Veterans of the movement such as Wilchins, 53, who transitioned to female in 1978 but answers to either pronoun, are heartened by the growing acceptance. Attending a gay youth conference in Des Moines two years ago, Wilchins was greeted by more than 1,000 cheering, stomping "genderqueers," an increasingly popular term used to refer to anything off the binary gender map.
"All these kids were just so gender non-conforming and testing the limits," Wilchins said. "I asked them, `How do you do this in Iowa?' But kids always get there about 10 years before everyone else."
One of those kids was Shawn Coleman, who says he had problems with only one roommate during college and that his mom considers this "a phase."
He currently favors close-cropped hair, baggy jeans and polo shirts purchased in men's departments. Sometimes, he binds his chest with an ACE bandage to conceal the silhouette of breasts, but usually comfort wins out. No artifice can quite disguise the high-pitched giggle.
For Coleman, it's as much about power as gender.
"I feel more entitled as a guy. . . . I have the right to be more aggressive, to do and say whatever I want," said Coleman, who is living in Chicago's Edgewater community while working on his master's thesis in sociology.
Is sex-reassignment surgery in the future?
"Not at all," he says, without hesitation. "I am about so much more than anatomy."
Surgery doesn't always work
While plenty of transfolks are eager to go under the knife, far more are content with sexual ambiguity for reasons that have as much to do with practicality as philosophy, experts say.
The surgery can be extremely painful, expensive ($20,000-plus, rarely covered by insurance), and the results often are disappointing, especially when going from female to male, said Michele Angello, a therapist in Wayne, Pa., who has counseled dozens of pre-operative candidates.
While surgeons have made strides with male-to-female genital surgery, the female-to-male construction has not been nearly as successful.
"Most don't even bother spending the money," Angello said.
Instead, many opt to try to "pass" by blurring the lines as much as possible.
"People don't want to jump out of one box, only to be shoved into another. . . . It's become almost politically incorrect to question [are you a man or a woman?] anymore," she said.
Such awareness has moved from campus to workplace. The fact that there are now trans attorney, librarian and veterans groups indicates how the movement has evolved in recent years, experts said.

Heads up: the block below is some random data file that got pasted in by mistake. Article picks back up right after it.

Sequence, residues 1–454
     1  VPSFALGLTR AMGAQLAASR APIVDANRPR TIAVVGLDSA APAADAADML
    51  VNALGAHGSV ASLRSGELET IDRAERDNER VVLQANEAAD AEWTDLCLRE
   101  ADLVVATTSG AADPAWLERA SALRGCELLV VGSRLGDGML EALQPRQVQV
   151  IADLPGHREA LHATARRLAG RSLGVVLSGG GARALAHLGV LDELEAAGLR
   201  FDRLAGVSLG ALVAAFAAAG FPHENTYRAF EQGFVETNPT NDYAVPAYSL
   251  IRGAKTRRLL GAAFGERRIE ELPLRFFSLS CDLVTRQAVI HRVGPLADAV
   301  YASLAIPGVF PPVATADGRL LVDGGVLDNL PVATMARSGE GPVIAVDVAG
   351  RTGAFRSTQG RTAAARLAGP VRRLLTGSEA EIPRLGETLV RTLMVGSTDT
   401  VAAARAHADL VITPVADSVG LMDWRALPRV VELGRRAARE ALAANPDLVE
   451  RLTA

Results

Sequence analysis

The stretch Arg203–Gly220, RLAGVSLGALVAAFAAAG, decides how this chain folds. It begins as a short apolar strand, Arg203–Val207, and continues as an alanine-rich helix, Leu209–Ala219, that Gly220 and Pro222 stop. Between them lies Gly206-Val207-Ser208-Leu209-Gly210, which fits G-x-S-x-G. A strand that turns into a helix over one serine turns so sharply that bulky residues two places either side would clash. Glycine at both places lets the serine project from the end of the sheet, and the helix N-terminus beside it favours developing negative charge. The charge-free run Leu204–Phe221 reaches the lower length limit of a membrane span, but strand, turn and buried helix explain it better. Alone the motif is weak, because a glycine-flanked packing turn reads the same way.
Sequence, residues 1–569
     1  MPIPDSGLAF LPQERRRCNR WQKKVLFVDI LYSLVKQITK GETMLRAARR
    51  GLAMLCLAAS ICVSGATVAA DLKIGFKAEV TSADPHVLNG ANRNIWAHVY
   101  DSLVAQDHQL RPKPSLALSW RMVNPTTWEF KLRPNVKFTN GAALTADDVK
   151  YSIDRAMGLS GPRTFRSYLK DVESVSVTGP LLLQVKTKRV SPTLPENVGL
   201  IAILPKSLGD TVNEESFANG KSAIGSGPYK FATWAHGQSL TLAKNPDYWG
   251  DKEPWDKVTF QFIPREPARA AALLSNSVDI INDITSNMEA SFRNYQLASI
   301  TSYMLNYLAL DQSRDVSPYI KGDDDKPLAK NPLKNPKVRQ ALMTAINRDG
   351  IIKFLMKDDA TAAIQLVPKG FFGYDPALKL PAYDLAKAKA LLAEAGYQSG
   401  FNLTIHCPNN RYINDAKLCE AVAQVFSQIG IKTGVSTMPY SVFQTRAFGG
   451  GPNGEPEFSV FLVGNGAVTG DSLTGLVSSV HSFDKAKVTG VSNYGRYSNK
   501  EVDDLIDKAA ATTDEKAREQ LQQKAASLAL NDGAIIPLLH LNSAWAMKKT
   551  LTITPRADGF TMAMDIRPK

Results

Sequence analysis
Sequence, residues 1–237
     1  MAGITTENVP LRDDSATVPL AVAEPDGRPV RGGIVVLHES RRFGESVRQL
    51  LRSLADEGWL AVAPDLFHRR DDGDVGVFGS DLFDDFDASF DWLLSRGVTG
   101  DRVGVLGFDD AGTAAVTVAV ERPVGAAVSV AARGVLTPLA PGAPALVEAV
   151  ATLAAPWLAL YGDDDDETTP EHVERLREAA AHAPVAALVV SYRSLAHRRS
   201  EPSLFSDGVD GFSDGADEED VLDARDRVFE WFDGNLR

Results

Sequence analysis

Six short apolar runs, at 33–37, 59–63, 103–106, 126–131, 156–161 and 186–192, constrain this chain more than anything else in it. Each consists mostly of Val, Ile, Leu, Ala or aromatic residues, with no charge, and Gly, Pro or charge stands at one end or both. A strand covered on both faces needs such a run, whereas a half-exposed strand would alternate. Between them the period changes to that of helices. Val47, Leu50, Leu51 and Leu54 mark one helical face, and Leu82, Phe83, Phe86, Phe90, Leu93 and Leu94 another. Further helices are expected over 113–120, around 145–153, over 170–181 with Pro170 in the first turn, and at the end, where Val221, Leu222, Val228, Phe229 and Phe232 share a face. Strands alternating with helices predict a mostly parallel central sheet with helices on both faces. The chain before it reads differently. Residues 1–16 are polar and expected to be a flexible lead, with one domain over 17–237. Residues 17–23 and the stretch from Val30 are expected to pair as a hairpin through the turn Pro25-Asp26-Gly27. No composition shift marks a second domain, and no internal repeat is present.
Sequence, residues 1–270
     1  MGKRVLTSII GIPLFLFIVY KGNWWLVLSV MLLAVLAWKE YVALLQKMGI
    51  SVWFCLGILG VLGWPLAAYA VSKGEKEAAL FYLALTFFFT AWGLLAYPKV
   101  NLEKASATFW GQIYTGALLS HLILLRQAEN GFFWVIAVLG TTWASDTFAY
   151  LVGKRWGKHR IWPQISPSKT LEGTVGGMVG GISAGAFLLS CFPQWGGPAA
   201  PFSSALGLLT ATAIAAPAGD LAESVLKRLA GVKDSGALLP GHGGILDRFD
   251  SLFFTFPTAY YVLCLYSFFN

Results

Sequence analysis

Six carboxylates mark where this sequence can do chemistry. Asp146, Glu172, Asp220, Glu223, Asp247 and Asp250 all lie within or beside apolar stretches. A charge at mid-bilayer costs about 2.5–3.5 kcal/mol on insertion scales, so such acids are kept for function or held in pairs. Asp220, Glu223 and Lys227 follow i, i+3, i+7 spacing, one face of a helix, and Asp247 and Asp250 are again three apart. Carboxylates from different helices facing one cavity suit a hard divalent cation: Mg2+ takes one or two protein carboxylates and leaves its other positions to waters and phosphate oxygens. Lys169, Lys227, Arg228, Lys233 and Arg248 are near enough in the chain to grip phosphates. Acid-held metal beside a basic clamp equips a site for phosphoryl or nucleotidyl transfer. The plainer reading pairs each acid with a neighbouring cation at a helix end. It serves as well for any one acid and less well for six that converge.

Still, as this population has stepped up its activism, so have conservative groups. Concerned Women of America recently accused Mattel, maker of Barbie, of being "influenced by the transgender movement" with a survey that offered a choice on its Web site of "boy" "girl" and "I don't know." The options have since been altered.
But nowhere are opponents more focused than on the proposed Employment Non-Discrimination Act, a bill pending in Congress for more than a decade.
"Once these sad, disturbed people are protected by federal law, no business can stop a man from wearing a dress to work or stop a woman from dressing like a man," said a fundraising letter of the Traditional Values Coalition, one group calling for its defeat.
Even from the gay, lesbian and bisexual community, discrimination exists.
The Human Rights Campaign, often regarded as the most mainstream of all gay rights groups, had initially wobbled on including trannies in the legislation, fearing their presence "would give tepid supporters a reason to back off," said Gary Gates, a demographer at the Williams Institute at the UCLA School of Law.
But times are changing.
This "lack of understanding" was acknowledged in the first Human Rights Campaign handbook on the trans Americans. Most important, the group has now pledged to support only legislation that explicitly protects transgender employees' right to express their identity any way they choose. It is one more sign of their growing political influence.
"The `T' in the LGBT [lesbian, gay, bisexual, transgender] movement is no longer just an add-on," Gates said. "This really is the new frontier."